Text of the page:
There was an annual increase in the number of TB cases registered from 3,284 in 2000 to 3,964 in 2009. Non-Saudis had nearly twice the TB incidence rate compared to Saudis (P = <0.05). All but four provinces (Najran, Riyadh, Makkah, Tabuk) showed decreasing TB incidence rates. The highest rates were seen in the 65+ age group. In the 15–24 year age group the incidence rate increased from 15.7/100,000 in 2000 to 20.9/100,00 in 2009 (P = <0.05). The incidence of TB in Saudi males was higher than Saudi females. Conversely, for non-Saudis the TB incidence rates were significantly higher in females compared to males.

Conclusions

Despite significant investments in TB control over 15 years, TB remains an important public health problem in the KSA affecting all age groups, and Saudis and non-Saudis alike. Identification of the major risk factors associated with the persistently high TB rates in workers migrating to KSA is required. Further studies are warranted to delineate whether such patients re-activate latent Mycobacterium tuberculosis (M.tb) infection or acquire new M.tb infection after arrival in KSA. Appropriate interventions are required to reduce TB incidence rates as have been implemented by other countries.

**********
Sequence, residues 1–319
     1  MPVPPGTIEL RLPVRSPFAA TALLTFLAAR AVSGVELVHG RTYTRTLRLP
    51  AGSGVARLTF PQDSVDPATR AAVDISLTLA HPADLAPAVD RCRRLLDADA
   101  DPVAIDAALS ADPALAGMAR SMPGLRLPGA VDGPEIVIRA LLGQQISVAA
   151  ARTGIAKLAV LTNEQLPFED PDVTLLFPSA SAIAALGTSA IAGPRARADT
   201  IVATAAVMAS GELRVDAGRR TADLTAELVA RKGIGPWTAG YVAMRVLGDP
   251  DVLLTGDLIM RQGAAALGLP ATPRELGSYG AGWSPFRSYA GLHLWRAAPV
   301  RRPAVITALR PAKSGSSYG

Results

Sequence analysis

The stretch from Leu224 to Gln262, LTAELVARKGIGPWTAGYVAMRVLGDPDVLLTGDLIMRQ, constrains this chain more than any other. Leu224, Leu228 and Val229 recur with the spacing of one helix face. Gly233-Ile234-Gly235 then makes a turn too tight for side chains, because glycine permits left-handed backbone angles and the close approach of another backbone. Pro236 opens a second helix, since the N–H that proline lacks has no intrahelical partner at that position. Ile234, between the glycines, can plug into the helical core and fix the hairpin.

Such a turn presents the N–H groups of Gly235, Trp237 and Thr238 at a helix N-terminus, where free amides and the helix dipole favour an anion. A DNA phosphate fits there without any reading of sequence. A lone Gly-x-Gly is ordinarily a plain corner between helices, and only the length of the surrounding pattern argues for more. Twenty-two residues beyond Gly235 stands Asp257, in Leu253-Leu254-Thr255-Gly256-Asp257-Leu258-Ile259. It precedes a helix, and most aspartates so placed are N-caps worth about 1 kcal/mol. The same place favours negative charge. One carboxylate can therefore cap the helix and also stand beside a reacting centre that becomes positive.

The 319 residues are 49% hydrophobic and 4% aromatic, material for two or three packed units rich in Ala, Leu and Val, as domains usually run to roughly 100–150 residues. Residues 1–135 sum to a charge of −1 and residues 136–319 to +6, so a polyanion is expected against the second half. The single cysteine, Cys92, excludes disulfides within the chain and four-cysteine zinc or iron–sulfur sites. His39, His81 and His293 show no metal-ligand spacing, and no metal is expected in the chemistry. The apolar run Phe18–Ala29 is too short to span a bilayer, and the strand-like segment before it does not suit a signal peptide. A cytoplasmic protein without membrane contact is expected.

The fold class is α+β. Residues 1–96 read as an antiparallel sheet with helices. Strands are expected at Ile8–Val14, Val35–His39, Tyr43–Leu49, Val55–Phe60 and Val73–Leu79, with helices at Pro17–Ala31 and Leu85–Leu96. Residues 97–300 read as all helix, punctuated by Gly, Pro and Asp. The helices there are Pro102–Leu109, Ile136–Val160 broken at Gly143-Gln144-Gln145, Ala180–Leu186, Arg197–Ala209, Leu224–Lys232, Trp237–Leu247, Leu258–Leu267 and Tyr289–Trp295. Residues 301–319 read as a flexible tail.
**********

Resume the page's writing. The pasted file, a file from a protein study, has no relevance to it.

]]>
<![CDATA[Measurements of CFTR-Mediated Cl− Secretion in Human Rectal Biopsies Constitute a Robust Biomarker for Cystic Fibrosis Diagnosis and Prognosis]]> https://www.researchpad.co/article/5989da0aab0ee8fa60b77456

Background